Unlike equities, each futures contract has an expiration date. Beginning traders might fear they’ll end up with 1,000 barrels of oil on their doorstep when their crude oil futures contract expires. Although it’s good to be aware of delivery, when traders buy a futures contract, they’re not necessarily buying the underlying asset—they’re simply buying an obligation to buy or sell the asset. But most futures contracts aren’t held to expiration. Trades can be closed or rolled into a later month.
Log in to your account at tdameritrade.com and, under the Education tab, select Futures > Fundamentals of Futures Trading > Start Course.
Futures contracts are also leveraged; that means returns or losses can potentially amplify. Because margin requirements are typically smaller for futures contracts, traders could control a larger futures position with relatively little money down.
So, what’s actually happening when a futures contract is purchased? Traders post a good-faith deposit (initial margin requirement or performance bond) with their futures commission merchant to make sure each party (buyer and seller) can meet the obligations of the futures contract. Initial margin requirements vary depending on commodity and market volatility but are typically a small percentage of the notional value of the contract—often 5% to 6%, or even less. That’s a lot lower than the 50% leverage in equities under the Federal Reserve’s Regulation T, or “Reg T.”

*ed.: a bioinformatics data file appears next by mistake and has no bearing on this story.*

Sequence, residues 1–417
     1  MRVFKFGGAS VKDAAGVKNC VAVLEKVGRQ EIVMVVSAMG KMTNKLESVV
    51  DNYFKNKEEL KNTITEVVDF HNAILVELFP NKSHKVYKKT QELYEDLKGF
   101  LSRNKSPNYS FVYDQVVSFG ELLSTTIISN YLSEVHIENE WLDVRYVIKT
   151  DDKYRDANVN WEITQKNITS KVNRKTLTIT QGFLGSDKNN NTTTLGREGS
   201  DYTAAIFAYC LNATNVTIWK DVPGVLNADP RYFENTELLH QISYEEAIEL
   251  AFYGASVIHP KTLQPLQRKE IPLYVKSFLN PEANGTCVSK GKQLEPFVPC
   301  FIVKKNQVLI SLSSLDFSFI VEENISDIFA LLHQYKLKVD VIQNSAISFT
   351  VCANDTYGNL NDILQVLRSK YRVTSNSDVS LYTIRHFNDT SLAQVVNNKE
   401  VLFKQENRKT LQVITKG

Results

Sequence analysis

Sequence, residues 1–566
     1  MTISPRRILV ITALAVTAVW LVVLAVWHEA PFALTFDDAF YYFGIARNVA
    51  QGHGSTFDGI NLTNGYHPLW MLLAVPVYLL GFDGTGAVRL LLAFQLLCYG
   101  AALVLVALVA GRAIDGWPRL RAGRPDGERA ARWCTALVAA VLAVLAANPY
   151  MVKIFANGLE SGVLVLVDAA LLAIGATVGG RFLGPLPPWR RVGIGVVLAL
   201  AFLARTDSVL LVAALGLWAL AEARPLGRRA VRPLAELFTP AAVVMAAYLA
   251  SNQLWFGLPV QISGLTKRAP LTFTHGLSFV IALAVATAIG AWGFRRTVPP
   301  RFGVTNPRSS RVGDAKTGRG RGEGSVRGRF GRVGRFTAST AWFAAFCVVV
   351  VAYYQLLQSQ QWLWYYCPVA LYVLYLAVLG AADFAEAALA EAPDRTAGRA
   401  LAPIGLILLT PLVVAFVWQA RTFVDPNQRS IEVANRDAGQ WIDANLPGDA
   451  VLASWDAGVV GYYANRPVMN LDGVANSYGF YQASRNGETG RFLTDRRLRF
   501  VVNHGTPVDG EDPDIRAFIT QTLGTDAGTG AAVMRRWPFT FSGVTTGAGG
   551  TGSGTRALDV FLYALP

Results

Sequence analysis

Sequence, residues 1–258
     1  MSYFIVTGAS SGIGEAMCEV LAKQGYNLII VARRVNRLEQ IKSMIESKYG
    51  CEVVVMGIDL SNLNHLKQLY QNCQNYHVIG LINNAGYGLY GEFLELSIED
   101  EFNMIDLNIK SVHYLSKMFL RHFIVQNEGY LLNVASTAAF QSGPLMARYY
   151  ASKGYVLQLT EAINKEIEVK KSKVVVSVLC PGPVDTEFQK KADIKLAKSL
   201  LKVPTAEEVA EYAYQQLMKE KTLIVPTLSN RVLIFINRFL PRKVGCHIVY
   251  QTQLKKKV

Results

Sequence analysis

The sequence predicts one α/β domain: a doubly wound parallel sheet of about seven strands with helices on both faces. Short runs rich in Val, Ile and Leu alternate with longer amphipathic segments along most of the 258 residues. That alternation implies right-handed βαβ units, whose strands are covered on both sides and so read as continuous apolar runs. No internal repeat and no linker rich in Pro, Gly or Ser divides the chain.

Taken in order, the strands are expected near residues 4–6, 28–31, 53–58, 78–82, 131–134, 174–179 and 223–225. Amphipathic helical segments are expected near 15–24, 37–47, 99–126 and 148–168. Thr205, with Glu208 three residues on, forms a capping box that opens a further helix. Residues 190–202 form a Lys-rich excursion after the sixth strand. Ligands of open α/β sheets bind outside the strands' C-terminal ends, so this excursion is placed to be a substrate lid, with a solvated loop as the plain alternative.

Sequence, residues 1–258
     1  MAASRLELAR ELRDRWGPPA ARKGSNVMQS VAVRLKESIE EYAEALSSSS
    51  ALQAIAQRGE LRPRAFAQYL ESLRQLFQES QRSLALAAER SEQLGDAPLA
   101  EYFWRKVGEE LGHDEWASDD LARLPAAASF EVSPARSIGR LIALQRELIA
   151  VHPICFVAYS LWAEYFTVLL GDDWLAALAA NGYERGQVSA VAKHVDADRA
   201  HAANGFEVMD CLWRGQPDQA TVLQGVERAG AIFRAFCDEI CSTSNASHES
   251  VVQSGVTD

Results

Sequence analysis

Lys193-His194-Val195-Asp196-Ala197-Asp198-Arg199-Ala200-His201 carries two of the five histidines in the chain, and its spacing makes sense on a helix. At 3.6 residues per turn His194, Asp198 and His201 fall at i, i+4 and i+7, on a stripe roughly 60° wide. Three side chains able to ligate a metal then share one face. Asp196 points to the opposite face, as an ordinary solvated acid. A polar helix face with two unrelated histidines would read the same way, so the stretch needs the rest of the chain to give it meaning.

Because futures can be highly leveraged, it’s not necessary to tie up a lot of capital to hedge a large portfolio. Futures also make it easier to achieve short market exposure, as compared to stocks or exchange-traded funds (ETFs). Think crude oil prices will decline? A “sell” order initiates a short crude futures contract position. However, shorting a stock or ETF could mean borrowing those shares from your broker. That might involve paying interest charges, making sure you have a large enough account size, and ensuring the shares are available for shorting.
Say a trader holds a $500,000 portfolio and is concerned about the prospect of negative surprises in an upcoming earnings season. This trader might consider hedging about a third of that portfolio by selling (or shorting) one E-mini S&P 500 contract (/ES) by putting up the initial margin (which was about $12,000 as of late 2020). Because the notional value of one E-mini S&P 500 contract is $50 times the index price, with /ES at 3,500, the initial margin would represent about 7% of the notional value: